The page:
Because more American businesses cut their old phone cords and buy Internet- and cloud-based services, New York Stock Exchange-listed Warwick Valley Telephone Co. said Tuesday it is dropping its century-old name, which recalls its origin as a local pole-and-wire network, in favor of that of its Philadelphia-based subsidiary, Alteva, one of the growing providers who sell "unified communications" linking clients' voice, e-mail and data.
Warwick bought Alteva from owners led by founders Bill Bumbernick and Mark Marquez for $17 million last year. Alteva moved its headquarters last summer to a glass-walled "innovation center" in vacant Wells Fargo Bank space at 401 Market St., from the nearby Bourse.
The parent company's last quarterly Securities and Exchange Commission report shows Alteva accounted for more than half the combined company's sales, which topped $30 million last year.
Warwick boss Duane Albro runs the combined company; he's often in Philadelphia, staying at the Omni or Monaco and calling on his president and chief operating officer, Alteva veteran David Cuthbert. "The market is very fragmented; there are a lot of independents" who offer hand-holding service to midsize companies, while Internet giants like Comcast and Verizon provide similar connections for big corporations that can service their own networks, he told me.
The largest independent company in the sector, California-based 8X8 Inc., is about four times as large. Privately held, West Conshohocken-based Evolve IP, which offers other computing services in addition to communications, reported sales of $17 million in 2011, which "we exceeded dramatically last year," with new customers and acquisitions, chief technology officer Scott Kinka told me. Alteva employs 150, up from 120 last year. Evolve IP employs 80 locally.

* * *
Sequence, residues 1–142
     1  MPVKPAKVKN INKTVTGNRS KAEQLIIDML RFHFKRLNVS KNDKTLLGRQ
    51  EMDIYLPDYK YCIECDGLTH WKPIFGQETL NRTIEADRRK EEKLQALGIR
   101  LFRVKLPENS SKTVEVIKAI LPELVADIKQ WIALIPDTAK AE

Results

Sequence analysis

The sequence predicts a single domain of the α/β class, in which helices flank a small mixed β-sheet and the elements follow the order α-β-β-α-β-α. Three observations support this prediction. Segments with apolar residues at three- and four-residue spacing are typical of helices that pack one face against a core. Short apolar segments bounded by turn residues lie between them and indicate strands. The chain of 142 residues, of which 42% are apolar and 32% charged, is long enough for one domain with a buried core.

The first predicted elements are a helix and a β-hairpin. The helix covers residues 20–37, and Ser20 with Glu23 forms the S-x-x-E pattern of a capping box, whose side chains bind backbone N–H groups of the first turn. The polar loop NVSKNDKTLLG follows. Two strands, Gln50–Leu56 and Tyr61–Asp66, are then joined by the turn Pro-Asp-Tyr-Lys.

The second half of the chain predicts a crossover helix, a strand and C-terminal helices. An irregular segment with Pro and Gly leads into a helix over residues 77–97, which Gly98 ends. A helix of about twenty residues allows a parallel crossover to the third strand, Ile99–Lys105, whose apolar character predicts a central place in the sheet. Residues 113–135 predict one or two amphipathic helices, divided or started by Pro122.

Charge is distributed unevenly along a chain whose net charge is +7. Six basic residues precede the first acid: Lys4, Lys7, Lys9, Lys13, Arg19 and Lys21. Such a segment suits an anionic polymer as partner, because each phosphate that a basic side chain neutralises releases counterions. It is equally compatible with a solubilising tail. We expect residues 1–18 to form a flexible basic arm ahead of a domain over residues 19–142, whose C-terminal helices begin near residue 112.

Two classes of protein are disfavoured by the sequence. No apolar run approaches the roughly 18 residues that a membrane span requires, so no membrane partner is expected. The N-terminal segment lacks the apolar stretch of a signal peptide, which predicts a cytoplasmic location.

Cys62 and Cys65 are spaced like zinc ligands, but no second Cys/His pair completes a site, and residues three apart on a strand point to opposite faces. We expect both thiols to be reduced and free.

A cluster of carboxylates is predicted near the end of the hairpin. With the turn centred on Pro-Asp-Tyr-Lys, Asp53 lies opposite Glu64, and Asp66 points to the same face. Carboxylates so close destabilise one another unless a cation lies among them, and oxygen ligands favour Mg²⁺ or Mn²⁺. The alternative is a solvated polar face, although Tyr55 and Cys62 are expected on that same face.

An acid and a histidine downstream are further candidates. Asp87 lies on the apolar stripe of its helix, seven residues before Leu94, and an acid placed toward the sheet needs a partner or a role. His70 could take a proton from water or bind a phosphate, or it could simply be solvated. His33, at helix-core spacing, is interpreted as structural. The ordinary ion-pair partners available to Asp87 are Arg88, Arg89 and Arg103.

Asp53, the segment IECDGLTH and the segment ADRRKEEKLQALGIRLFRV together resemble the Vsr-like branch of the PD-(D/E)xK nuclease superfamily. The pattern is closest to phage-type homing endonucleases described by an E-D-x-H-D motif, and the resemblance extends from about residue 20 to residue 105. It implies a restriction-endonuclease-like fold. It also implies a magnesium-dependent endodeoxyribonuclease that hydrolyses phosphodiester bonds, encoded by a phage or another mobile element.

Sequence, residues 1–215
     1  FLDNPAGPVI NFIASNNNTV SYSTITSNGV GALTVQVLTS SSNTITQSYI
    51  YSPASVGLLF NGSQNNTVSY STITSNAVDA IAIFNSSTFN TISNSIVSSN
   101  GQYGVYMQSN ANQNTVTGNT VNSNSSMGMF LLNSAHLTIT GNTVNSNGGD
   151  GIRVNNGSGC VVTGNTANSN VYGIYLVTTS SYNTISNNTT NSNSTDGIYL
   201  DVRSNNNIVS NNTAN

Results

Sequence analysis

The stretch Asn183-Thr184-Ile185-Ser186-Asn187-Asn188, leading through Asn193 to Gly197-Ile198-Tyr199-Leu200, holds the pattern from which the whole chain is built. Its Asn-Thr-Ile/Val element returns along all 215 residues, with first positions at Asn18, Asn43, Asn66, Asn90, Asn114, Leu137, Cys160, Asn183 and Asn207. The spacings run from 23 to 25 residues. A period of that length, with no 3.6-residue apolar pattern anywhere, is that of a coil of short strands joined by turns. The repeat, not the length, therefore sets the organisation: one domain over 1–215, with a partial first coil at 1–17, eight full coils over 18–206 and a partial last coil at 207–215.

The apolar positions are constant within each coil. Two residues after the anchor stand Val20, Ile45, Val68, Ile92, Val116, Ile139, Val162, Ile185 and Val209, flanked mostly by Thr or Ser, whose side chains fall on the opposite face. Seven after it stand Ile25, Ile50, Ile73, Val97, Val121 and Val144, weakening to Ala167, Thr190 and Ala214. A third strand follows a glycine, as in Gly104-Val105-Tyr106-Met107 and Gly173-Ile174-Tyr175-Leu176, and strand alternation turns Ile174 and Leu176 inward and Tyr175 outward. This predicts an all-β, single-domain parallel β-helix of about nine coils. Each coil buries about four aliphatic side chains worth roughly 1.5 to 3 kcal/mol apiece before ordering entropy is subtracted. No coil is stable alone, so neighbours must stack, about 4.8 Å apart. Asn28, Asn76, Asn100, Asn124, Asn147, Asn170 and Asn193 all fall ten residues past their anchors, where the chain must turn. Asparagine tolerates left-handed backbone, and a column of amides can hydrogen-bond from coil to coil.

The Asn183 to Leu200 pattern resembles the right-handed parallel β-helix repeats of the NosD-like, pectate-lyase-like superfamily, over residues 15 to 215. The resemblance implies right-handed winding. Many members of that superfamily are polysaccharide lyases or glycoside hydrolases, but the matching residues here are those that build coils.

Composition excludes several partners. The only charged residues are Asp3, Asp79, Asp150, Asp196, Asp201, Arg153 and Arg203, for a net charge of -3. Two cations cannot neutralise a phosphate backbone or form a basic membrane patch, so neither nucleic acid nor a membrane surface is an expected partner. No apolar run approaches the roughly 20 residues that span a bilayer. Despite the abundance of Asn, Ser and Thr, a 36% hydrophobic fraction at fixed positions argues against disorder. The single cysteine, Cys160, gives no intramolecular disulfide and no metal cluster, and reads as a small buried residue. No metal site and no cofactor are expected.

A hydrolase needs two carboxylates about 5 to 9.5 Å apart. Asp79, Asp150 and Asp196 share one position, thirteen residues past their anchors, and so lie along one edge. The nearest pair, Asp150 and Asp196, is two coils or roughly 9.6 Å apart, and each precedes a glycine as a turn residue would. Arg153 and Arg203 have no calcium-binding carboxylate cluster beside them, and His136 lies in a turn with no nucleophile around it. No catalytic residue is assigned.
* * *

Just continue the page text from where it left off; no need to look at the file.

How do these firms win business? After all, any broadband user can add voice-over-Internet protocol (VoIP) services using free or cheap software.
But "in a business situation, it's different from using Vonage or Skype. Those are not business-class services," Tom Hopkins, telecom manager at the Philadelphia-based U.S. arm of British clinical drug trial provider Premier Research Group, told me.
Reliable phone service depends, for example, on careful and redundant routing, an easy-to-reach help desk, and steady relationships with software, hardware and service providers, Hopkins says. "If a line goes down in a legacy system, your voice service is tied [to] that, and callers just get dead air. With Alteva, you get a voice mail. And I can manage this system from anywhere."
Egan-Jones Rating Co., the Haverford credit-ratings firm that predicted the 2008 mortgage crash, has settled the SEC's complaint that it exaggerated its record on its application for an SEC license.
Egan-Jones has agreed to stop rating asset-backed and sovereign-backed debt for the next 18 months; it will continue to rate "corporate, bank, financial and insurance securities" for its investor clients, William Hassiepen, vice president and co-manager of Egan-Jones' rating desk, told me.
The SEC accused Egan-Jones of "falsely stating" that it had met all legal standards for past ratings on asset-backed and foreign-government-backed bonds. But Egan-Jones actually failed to qualify, the SEC said, because it hadn't made those ratings "available through the Internet" or other public means.
Founder Sean Egan had complained that the SEC aggressively pursued his small firm for paperwork problems, while failing to pursue more costly failures by Standard & Poor's and Moody's. In a statement, Egan called the settlement "agreeable."
Contact Joseph N. DiStefano at 215-854-5194, JoeD@phillynews.com or @PhillyJoeD on Twitter.